Biggest storm of the season boosts snowpack

Survey says: Snowpack soaring on heels of epic powder days at Colorado ski resorts.

February 10, 2020 | By: Jose Salas, Jay Adams

The snowstorm that pounded Colorado’s northern and central mountains Feb. 6-10 marked the biggest storm of the season so far, a welcome sign for water watchers.

“Big storms like this one only happen a few times a season,” said Nathan Elder, manager of water supply at Denver Water. “We were just as excited to see all the snow as all the skiers who headed up to the slopes.”

How much snow did the storm produce?

In Summit County, Breckenridge Ski Resort reported receiving 62 inches of snow in a week.

Not only did the storm create epic powder conditions, but the snow eventually will melt and flow into the Blue River, which feeds Dillon Reservoir, a major source of water for Denver Water customers in the metro area.

Denver Water collects water from the Upper South Platte and Upper Colorado river basins.

Before the big storm on Feb. 3, snowpack in the basins stood at 116% and 110% of normal respectively. After the storm, those totals shot up to 137% and 133% of normal.

“The storm was great news for both river basins, but especially the South Platte because that basin has been dry since mid-December,” Elder said. “In just four days, the storm brought the amount of moisture as we typically see during the entire month of February.”

Snowpack: South Platte River Watershed graphSnowpack: Colorado River Watershed Graphic

Surveying the snow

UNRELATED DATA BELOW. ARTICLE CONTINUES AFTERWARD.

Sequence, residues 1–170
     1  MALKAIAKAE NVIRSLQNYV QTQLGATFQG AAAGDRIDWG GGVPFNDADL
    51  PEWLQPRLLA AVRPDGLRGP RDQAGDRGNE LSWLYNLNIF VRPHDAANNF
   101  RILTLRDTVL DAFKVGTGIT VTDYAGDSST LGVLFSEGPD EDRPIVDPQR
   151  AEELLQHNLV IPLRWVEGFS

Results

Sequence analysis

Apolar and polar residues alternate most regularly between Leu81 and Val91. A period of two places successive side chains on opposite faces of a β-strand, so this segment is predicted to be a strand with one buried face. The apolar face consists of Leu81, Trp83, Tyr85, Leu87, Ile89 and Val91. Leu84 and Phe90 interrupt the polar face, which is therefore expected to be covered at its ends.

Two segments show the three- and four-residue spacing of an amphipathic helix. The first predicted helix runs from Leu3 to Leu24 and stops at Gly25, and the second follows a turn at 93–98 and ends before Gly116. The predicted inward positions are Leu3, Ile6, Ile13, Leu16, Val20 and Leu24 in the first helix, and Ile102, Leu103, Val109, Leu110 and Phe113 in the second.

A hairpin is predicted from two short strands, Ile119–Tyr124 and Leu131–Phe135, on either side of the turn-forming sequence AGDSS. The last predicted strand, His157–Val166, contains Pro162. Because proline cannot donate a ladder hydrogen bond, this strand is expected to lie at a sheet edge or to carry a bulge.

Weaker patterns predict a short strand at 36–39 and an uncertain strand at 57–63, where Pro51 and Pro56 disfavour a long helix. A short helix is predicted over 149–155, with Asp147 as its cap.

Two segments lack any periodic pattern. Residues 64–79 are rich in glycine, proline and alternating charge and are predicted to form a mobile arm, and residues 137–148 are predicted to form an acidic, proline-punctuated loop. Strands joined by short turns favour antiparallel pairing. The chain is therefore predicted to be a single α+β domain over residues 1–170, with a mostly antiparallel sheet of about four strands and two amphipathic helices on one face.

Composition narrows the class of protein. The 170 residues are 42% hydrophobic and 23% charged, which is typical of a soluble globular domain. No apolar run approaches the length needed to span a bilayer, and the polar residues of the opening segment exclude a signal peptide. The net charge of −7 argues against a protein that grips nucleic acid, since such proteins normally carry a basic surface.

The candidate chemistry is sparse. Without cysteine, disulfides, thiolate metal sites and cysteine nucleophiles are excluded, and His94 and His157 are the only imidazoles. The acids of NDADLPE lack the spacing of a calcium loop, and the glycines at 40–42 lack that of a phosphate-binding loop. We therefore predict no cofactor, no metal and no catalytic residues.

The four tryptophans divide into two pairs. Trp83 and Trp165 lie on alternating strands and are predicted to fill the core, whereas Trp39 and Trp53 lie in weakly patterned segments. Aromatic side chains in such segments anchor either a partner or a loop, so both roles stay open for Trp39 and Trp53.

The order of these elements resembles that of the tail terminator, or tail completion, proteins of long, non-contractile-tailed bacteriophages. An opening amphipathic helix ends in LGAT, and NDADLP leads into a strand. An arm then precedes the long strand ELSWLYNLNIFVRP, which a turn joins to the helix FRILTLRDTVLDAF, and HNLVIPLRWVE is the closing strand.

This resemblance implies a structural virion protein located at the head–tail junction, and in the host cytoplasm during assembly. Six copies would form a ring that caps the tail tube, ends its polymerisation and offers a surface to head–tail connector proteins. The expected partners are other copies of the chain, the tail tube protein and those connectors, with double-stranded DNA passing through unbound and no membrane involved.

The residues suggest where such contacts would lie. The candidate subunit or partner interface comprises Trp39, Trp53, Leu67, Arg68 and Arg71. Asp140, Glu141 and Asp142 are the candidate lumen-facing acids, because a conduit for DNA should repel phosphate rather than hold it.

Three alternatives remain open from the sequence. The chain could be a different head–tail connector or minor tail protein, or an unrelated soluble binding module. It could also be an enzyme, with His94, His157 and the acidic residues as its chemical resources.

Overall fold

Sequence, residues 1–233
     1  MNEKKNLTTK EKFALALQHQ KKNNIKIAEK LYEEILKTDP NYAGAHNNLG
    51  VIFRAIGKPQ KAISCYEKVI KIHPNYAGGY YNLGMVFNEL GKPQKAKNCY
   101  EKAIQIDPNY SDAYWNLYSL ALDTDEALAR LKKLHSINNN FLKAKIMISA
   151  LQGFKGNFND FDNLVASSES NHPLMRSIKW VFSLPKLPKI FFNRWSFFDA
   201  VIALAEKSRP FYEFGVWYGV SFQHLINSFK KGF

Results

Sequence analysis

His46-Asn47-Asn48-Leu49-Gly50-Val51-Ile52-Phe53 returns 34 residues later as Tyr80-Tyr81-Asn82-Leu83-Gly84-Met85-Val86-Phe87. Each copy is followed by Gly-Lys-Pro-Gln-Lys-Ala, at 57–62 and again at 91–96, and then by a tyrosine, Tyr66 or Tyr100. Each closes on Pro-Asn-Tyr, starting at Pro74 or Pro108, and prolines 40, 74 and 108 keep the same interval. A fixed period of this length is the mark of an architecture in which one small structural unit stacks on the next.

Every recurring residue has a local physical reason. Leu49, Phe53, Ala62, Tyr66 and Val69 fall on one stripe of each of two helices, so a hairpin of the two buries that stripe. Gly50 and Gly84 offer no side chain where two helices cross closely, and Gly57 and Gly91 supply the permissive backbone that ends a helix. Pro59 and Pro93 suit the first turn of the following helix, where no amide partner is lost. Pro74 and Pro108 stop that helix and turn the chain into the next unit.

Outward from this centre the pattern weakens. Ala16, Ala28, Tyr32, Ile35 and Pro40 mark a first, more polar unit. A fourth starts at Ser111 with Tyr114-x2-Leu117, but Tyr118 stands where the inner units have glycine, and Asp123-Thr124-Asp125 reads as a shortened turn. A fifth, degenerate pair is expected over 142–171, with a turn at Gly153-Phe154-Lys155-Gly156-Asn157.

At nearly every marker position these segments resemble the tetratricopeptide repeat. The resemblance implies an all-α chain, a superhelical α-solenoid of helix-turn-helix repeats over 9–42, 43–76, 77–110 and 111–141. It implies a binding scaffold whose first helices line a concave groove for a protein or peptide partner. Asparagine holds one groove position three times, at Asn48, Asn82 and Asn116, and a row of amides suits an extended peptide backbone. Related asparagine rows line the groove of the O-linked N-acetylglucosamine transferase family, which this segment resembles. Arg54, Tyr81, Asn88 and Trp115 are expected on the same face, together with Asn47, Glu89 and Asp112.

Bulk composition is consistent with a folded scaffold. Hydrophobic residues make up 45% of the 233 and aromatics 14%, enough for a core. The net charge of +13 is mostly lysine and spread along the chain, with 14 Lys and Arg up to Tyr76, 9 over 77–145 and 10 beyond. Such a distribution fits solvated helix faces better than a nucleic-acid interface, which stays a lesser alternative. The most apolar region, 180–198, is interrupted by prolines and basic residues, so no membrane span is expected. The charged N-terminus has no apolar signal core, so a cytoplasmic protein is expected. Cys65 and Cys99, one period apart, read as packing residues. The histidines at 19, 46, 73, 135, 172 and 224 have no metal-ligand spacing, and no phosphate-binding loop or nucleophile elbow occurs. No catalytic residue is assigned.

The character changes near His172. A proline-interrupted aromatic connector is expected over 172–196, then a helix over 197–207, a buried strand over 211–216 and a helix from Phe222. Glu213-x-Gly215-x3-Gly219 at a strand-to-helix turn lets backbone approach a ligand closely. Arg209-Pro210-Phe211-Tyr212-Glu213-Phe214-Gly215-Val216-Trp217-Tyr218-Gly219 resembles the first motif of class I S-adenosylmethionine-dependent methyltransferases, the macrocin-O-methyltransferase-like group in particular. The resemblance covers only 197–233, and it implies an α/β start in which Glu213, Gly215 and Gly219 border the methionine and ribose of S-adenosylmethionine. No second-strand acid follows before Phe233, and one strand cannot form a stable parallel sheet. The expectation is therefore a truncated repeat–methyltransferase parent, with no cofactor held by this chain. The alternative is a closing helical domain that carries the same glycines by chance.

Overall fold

Denver Water keeps a close eye on snow levels and all things related to water supply.

Crews snowshoe into the high country to take monthly snowpack measurements. The utility also sends survey teams into the mountains for projects at its reservoirs.

Denver Water crews use equipment like Sno-Cats to get around at remote facilities.
Denver Water crews use equipment like Sno-Cats to get around at remote facilities. Photo credit: Denver Water.

 

Surveyors collect and provide crucial information about the shape and contour of the Earth’s surface. At Denver Water, surveyors work on projects like replacing water pipes, dam safety inspections, water elevations, infrastructure and more.

In early February, Matt O’Malley and Angelo Martinez, members of Denver Water’s survey team, traveled to Grand County to help recalibrate a gauge that verifies water levels at Meadow Creek Reservoir.

The reservoir, capable of holding up to 5,370 acre-feet of water, is owned by Englewood and managed by Denver Water. It’s located about 13 miles northeast of Fraser. The reservoir is used to deliver water to the north end of Denver’s water system.

Last weekend’s big storm hadn’t yet arrived, but the snow was already so deep the crew used a Sno-Cat to reach the remote reservoir and clear a flat surface for their measuring equipment.

Denver Water survey technician, prepares to set up survey equipment near Meadow Creek Reservoir.
Caption: Matt O’Malley, Denver Water survey technician, prepares to set up survey equipment near Meadow Creek Reservoir. Photo credit: Denver Water.

 

“I like to think of our team as masters of measurement,” said Martinez, a Denver Water survey supervisor. “We work at all of Denver Water’s facilities and that means using everything from a Sno-Cat to a boat to get around.”

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